SEA Currents: life at sea
Track Tramping & Christmas Spirit
With Christmas decorations up in the galley, cookies being decorated, and the hum of “Winter Wonderland” being sung, I’m feeling the holiday spirit even in the New Zealand summer heat! As finals week (loose use of the term here, just look at the photo from yesterday) comes to an end, everyone on board is in high spirits and soaking up all the goodness of life on board the Robert C. Seamans.
Days of our lives
As we make our way closer to Auckland, some signs that this trip will end are unfortunately starting to appear. Science deployments and data collection have tapered off, the stresses of project work are in full swing, and I’m hearing conversations about life after the trip.
I’m reluctant to mention any of this at all because time might catch wind of it and might tick by faster-which would be cruel.
Greetings from the Galley
I have always enjoyed cooking food, especially for other people, but have never fancied myself an especially good “cook” or have had dreams of cooking professionally.
Yet, since November 18th I have spent the majority of my time in the galley, the Cramer’s kitchen, working as the assistant steward (cook). My job is to help the steward, Grady, with preparing the six meals a day we eat on board: breakfast, morning snack, lunch, afternoon snack, dinner, and midnight snack.
One step closer to Capt. Jack Sparrow
We left Montserrat this morning after a few days of meetings, an adventurous hike, and a quick tour of Soufriere Hills and the active volcano. Right now we are headed north to Antigua, with just a few watch rotations and a couple of scientific deployments, we will be there soon to pick up another shipmate and head to Barbuda. This voyage has been nothing short of exciting, humbling, adventurous, academic, and all-consuming in every aspect.
Caribbean Reef Expedition: Week 8 at Sea
Bryan Jew, of University of California, San Diego, describes his research in the Tobago Cays as part of SEA Semester’s Caribbean Reef Expedition.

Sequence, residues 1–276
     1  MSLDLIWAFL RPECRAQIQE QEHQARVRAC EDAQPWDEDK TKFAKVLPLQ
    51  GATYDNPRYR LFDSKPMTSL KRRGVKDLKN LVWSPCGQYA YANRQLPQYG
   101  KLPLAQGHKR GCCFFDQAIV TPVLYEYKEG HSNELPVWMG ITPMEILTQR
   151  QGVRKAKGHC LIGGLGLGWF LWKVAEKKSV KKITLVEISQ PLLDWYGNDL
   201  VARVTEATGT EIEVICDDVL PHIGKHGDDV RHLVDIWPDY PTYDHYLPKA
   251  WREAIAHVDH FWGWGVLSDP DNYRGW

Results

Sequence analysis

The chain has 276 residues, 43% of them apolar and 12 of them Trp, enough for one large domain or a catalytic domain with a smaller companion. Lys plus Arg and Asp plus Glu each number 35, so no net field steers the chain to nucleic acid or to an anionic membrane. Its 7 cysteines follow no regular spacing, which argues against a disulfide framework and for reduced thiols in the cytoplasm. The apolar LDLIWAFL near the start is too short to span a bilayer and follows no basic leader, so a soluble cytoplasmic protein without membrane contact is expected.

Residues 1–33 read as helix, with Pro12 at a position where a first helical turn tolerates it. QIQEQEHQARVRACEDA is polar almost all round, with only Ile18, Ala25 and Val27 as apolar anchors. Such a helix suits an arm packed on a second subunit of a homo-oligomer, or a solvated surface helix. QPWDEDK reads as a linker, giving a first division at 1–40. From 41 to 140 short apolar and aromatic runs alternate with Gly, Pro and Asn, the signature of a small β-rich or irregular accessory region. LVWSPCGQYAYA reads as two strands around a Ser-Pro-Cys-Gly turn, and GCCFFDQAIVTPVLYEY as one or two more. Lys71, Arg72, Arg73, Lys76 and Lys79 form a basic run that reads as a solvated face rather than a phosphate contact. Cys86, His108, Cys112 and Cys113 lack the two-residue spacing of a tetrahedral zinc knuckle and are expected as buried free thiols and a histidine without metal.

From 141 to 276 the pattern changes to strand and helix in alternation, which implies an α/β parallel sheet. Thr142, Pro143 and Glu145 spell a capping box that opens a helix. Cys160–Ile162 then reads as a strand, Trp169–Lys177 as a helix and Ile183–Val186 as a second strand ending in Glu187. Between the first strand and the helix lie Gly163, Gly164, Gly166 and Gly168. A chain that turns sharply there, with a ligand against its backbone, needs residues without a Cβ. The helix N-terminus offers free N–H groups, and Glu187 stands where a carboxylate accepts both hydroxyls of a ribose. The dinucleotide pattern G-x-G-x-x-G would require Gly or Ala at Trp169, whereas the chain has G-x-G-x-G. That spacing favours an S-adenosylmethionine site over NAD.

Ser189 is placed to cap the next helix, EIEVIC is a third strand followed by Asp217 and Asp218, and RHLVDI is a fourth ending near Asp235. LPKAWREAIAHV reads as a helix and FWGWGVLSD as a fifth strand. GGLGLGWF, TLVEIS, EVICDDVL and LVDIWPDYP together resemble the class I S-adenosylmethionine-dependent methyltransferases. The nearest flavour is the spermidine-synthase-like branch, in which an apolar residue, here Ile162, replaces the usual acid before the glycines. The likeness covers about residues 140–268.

Day 15 of 28: Halfway there!
So there I was, in 10 ft. waves sailing North in the surprisingly rough waters of the Caribbean Sea. The Cramer was performing all sorts of acrobatics and the gimbled tables in the salon were swinging wildly from side to side. Having just left our 4-day port stop in St. Vincent, most of us hadn’t regained our sea legs yet. We were having a hard enough time focusing on standing watch when, suddenly, a squall hit. Rain, wind, waves – it was chaos.
Boats Against the Current
Today, well the part of today that was spent awake, has been nothing short of beautiful. A late night on watch calls for sleeping in past breakfast. As I write this blog, I’m sitting on the quarter deck with one rain boot on and one sneaker staring at the mountainous island of Montserrat. The skies are blue and the Caribbean Sea, even bluer. As we approached it earlier this morning, the volcano touching the clouds became detailed hills, hillier, and the bluffs, steeper.
High Tide, Low Tide, Rising Tide
Good morning from just off the coast of Poverty Bay! Since we left Raoul Island, we’ve been sailing South on our way to Napier. The first signs of civilization appeared in our Neuston tow yesterday as we saw some macroplastics in the water and even caught what we presume to be an olive (scientific analysis is ongoing). As Katie and I toiled away counting Salps by the hundreds this morning, Lindsey saw a light flashing off in the distance.
A day in the galley
0440: I awoke in a damp sweat this morning, ten minutes before my wakeup, convinced from an eerily vivid (perhaps psychic?) dream that I had burned the pita bread I’m supposed to bake for dinner later today. Panicked, I left my bunk in the foc’sle and stumbled into the galley to start my day as assistant steward, nervous but ready. I was born ready.
Be the Gimbal
In the morning we picked up anchor outside of Petit Rameau and motored on over to an anchorage outside Canouan to clear customs. After that, we motored away from Canouan and set the sails for the first time in several days – It’s great to be underway again. Not too much is happening now, so let me tell you a tale about science.
Picture this: It’s a beautiful evening in lab, and you’re hard at work taking measurements.